That book defeated me as one-sidedly as the British defeated the Tibetans in their 1904. That’s right, by the way, the Brits invaded Tibet just a hundred-odd years ago, though nobody seems to remember. I’ll get to that later. My point here is that after I read the “Secret History of the Mongols” I knew less than I did before. Or maybe I just knew once and for all that much as I admire the Mongol warriors, I’ll never really understand how they thought.

The Tibetans are even harder to figure out, because on top of that Central Asian weirdness is all this Richard-Gere do-gooder nonsense about the peace-loving Tibetans assaulted by the ruthless Red Chinese. Both parts of that story are wrong, wrong, wrong. The Tibetans were never peaceful people at all. They were one of the most warlike peoples in Central Asia and even conquered the Chinese capital, Chang’An, in their heyday. And the Red Chinese—who could be brutal when the situation called for it, sure—were actually very decent when they took over Tibet in 1950. They felt bad about it at the time, a weird mixture of professional military embarrassment and sheer pity, taking the PLA, battle-hardened from twenty years of fighting the Kuomintang and the Imperial Japanese, into battle against the “Tibetan Army,” such as it was.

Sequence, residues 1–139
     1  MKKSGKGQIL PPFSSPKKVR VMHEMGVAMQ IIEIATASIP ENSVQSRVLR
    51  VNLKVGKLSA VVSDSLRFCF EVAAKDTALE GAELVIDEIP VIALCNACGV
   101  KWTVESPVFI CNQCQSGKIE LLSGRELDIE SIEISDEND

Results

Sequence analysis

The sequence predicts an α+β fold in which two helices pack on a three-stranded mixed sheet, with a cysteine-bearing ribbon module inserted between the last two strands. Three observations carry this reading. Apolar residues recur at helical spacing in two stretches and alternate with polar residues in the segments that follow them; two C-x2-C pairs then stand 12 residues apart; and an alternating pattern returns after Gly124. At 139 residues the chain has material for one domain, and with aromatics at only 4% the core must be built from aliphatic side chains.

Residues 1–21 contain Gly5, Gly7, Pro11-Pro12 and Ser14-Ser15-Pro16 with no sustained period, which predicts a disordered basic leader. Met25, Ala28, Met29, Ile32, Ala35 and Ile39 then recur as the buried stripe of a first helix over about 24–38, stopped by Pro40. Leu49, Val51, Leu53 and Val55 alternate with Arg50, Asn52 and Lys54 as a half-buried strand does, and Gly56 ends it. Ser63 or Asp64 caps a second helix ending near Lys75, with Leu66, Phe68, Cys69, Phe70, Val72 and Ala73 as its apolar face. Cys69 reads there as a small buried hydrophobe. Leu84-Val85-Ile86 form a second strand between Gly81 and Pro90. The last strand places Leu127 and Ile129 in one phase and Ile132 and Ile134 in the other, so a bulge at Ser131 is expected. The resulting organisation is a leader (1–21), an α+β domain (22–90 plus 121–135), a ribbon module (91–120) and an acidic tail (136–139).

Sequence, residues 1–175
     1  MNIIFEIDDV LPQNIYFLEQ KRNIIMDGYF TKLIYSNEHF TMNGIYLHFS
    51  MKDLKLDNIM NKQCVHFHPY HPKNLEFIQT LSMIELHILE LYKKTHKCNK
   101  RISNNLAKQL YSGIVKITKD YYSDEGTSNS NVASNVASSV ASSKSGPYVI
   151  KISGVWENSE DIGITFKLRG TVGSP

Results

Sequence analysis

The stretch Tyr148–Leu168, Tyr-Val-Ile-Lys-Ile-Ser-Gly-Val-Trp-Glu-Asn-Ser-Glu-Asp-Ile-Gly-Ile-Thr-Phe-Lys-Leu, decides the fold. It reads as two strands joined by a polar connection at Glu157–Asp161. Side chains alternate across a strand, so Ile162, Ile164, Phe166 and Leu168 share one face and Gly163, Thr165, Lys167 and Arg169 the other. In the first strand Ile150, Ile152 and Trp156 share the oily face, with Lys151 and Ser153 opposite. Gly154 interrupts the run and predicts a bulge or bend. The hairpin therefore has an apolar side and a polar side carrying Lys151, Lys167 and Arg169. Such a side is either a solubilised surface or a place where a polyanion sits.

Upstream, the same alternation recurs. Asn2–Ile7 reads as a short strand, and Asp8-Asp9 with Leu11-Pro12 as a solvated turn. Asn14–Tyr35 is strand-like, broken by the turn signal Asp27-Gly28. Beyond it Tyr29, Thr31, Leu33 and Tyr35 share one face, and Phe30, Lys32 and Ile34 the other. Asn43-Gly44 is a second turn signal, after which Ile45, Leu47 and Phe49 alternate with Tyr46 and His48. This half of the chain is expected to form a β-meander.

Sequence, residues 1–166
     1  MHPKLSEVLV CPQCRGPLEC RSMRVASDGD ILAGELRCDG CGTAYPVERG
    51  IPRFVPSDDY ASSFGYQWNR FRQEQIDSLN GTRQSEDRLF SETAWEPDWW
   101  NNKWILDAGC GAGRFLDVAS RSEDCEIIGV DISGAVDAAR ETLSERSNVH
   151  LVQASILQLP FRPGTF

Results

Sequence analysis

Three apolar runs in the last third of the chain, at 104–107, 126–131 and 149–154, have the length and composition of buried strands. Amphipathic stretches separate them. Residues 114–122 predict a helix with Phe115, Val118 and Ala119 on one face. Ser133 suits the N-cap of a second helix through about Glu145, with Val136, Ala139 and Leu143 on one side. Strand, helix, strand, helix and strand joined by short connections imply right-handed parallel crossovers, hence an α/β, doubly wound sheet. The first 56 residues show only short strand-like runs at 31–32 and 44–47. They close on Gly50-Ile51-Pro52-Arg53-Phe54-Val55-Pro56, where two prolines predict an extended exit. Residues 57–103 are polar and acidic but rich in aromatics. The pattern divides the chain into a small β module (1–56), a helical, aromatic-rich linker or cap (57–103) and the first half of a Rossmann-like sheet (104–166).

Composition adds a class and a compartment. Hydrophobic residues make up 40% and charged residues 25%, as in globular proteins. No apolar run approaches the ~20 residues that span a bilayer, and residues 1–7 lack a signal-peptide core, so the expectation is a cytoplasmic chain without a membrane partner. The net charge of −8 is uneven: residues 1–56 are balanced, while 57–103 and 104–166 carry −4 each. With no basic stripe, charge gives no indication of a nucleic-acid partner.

The military history of Tibet divides pretty clearly into two parts: the glory days of the 7th-9th century, when Tibet actually challenged China for dominance in south-central Asia, and the sad, slow decline ever since, where the slogan would be: “Tibet, where old meets new and loses.” The Chinese takeover in 1950 was just the latest in a series of one-sided defeats for Tibet.